This is a very small t shirt that fits me when I am also very small. People look at me funny when I complain about recent weight gain. At a petite 5 foot 4, and having lived life for long and recent periods at the most comfortable weight for a small person, as well as the most uncomfortable, and knowing I far prefer the former, going up a whole size or two in mere months really does make a huge difference in how I feel. On Day 15, in spite of fatigue, aches and depression, I forced myself to exercise, on behalf of the small strong me that is currently buried inside the less small, less strong me. Because New Yorkers are fighters, regardless of size.
Get used to it. Any artmaking challenge involving matters of the heart as inspiration is going to have more than one appearance by Henry the cat, here proving to be the ideal model by immediately working the perfect pose with the provided pipe cleaner heart prop.
Last week I became, and still am, addicted to the live feed of April the Giraffe, now well past 15 months pregnant and continuing to be due any minute. Mostly she walks around the edges of her pen, pauses, snacks, hangs her head, and looks forward to her human visitors who touch her and leave. Her mate, Oliver, is in the next pen, visible, but mostly out of reach. Her pain is obvious in her awkward gait and her ungainly body stretched to its limit with the burden she carries, but her kind, even in captivity, and relative safety, knows not to betray weakness lest she become vulnerable to attack. She doesn’t sleep much. On Day 17 I realized I am obsessed with April the Giraffe, because I am April the Giraffe. The only difference being that no one really expects her to have a life beyond this mindless routine, which has way more followers than mine ever will, and she, presumably, will one of these days unburden herself and have something beautiful to show for it, that people actually care about.
My mood didn’t improve much after that. Plus a headcold crashed the party of my usual gang of physical ills and together wrecked the joint. Whenever I find myself at a low point in present circumstances or conditions, I keep going back to moments when I unimaginably and unpredictably left similar low points behind, moments I exceeded my own expectations and defied those of everyone around me. It’s sad but helpful to remind myself both that “I’ve had worse” so many times and survived, and that “I’ve had better” soon after. I seem to be stuck in a series of worsts without the betters lately. But my first tattoo, the sword of the spiritual warrior, will celebrate its 18th anniversary this summer, and in all that time I have many times thought I’d never see another summer, only to see my entire life change, so it remains a constant reminder that I still have some fight left in me - and on me.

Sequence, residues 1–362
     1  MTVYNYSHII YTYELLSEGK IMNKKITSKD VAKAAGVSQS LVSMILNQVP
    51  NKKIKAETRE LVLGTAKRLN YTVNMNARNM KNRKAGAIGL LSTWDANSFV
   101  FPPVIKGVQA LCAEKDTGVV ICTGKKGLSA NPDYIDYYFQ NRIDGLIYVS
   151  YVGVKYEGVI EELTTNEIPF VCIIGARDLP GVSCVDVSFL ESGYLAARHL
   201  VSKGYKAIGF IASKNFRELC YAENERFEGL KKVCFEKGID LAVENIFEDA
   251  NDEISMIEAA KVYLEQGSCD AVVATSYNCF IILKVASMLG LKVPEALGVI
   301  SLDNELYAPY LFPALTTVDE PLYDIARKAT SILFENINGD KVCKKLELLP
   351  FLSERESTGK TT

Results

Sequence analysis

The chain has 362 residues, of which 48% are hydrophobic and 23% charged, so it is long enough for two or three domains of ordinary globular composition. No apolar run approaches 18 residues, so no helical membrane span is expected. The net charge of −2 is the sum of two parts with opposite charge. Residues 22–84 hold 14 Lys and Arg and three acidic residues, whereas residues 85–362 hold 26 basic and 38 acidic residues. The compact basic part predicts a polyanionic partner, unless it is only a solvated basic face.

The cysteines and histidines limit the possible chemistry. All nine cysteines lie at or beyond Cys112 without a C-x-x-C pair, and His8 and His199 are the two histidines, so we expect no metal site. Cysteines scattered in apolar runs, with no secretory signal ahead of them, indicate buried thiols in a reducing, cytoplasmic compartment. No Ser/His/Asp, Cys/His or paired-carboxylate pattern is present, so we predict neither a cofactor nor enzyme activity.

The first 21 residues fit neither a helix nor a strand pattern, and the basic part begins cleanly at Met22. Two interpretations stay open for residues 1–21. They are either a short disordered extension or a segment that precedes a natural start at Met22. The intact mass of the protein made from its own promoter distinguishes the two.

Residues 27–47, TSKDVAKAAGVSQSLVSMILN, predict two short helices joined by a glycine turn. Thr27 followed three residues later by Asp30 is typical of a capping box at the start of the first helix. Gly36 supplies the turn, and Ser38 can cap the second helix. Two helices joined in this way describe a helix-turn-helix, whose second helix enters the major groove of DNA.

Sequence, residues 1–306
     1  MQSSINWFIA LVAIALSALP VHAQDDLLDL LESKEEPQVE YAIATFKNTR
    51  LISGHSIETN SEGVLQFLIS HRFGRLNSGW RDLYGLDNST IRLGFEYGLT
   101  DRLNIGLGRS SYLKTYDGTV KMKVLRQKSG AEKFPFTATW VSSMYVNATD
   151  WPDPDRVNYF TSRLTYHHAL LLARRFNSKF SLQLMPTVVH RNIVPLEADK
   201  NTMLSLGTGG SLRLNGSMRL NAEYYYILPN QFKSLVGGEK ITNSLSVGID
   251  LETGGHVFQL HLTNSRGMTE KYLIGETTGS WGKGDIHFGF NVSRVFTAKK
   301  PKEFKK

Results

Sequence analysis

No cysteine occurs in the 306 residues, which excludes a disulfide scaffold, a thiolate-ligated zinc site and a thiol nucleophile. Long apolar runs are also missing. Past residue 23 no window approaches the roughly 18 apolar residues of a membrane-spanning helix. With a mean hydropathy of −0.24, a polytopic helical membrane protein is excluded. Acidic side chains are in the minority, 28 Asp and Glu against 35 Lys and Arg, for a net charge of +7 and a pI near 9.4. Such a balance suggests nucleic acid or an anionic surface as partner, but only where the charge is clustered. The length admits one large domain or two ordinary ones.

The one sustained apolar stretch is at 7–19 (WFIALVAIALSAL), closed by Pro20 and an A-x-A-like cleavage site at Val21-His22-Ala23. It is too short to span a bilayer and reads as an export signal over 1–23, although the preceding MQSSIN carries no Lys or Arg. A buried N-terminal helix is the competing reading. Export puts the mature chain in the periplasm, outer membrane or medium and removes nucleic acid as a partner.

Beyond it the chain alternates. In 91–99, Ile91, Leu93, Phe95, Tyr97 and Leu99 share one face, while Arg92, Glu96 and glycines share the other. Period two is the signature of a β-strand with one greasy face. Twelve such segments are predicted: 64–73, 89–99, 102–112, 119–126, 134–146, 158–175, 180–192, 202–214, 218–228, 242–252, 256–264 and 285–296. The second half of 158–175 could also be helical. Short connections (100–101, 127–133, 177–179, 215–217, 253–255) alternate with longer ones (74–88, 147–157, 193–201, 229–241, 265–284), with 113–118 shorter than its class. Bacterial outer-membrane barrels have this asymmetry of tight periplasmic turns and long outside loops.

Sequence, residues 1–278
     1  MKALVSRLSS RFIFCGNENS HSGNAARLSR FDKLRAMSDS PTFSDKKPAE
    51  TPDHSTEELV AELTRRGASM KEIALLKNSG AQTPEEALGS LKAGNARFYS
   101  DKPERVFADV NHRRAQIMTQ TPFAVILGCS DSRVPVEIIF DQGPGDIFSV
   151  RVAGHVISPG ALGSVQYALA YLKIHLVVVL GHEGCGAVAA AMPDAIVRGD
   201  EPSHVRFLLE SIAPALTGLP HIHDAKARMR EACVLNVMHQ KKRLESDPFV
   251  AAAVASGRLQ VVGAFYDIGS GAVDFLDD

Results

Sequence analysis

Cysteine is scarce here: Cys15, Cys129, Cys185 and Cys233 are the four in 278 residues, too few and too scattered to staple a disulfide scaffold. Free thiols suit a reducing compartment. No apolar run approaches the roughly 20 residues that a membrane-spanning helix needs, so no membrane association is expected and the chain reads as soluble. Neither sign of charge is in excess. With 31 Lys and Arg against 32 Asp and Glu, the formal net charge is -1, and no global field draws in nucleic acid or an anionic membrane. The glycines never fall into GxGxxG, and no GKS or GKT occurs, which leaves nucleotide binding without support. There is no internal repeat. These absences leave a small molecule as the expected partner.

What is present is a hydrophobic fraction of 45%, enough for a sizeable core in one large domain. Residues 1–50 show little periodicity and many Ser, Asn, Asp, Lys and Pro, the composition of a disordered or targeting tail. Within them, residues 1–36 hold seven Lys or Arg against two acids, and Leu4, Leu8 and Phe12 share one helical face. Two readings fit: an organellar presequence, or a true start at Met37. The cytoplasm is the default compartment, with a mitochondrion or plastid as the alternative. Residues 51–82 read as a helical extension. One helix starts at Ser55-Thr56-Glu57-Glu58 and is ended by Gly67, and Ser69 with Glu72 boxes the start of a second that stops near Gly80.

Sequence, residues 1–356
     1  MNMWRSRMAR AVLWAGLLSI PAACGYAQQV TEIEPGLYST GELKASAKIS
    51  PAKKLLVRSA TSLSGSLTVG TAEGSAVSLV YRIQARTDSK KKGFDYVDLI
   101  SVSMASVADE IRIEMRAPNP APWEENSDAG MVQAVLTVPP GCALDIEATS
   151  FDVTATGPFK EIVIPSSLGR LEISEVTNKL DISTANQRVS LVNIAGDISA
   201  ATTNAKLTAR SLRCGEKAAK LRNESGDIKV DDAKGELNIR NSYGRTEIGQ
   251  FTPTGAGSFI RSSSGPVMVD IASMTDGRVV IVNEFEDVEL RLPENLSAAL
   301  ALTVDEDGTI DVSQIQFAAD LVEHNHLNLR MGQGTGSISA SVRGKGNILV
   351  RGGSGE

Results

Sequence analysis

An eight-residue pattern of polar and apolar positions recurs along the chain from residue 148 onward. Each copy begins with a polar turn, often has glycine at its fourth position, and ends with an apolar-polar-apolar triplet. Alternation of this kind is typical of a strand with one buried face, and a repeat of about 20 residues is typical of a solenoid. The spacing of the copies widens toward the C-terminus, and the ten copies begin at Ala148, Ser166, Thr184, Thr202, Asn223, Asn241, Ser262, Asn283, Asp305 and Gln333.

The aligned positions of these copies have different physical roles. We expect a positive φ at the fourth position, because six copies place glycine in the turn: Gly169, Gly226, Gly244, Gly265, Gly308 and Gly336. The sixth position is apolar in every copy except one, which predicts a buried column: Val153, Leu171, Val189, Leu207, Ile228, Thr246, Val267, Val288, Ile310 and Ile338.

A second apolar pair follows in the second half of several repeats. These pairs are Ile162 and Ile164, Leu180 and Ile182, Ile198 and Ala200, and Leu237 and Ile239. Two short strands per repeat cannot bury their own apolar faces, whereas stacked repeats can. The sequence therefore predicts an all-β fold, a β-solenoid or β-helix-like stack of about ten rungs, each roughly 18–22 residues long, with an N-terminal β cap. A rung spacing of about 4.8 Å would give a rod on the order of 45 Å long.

On Day 19 I visited the magical wonderland of shopping known as Target (pronounced Tar – ZHAY in the French manner for true enthusiasts). When I left NYC for Boston back in 2001, I pretty much created a household and a wardrobe from the offerings at this store. Life goes in cycles. I moved house last summer and I am still in the honeymoon phase of assembling and arranging just the right items to make this more than a living space, in fact, a true expression of who I am and how I want to be for the many years I hope to be living here. I spend so much time at home, it better be a reflection and extension and reinforcement of who I am. So, being in Vermont five years now, I don’t miss Boston, but turns out there’s a Target less than an hour’s drive away, and I do miss Target, to whom I am grateful for my new perfect throw pillows.
Part of my resumed home décor enthusiasm involved buying a beautiful batik wall hanging called Tree Lovers, of which this image is a closeup. The full panel features two tree beings intertwined, yet separately bearing fruit and flowers, connected but individual. The sun streams through it and creates a lovely colorful glow, as well as a haze of wishful thinking
This has been a week of circling around, circling back. Of reaching what seem to be intolerable limits and somehow finding the strength to keep going. As of this writing, April and I are still pacing and pausing, feeding and waiting. Henry is still striking perfect poses. I am further along on a journey, in a place where I can look back to other places and other versions of me, and sort out what remains and what falls away, like this poem I wrote 16 years ago in the space between my New York Life and my Boston Life, a space where I am who I always am and will be, wherever I go, whatever I do next. The poem still speaks for me, and to me, and true. A whole woman is a heavy burden.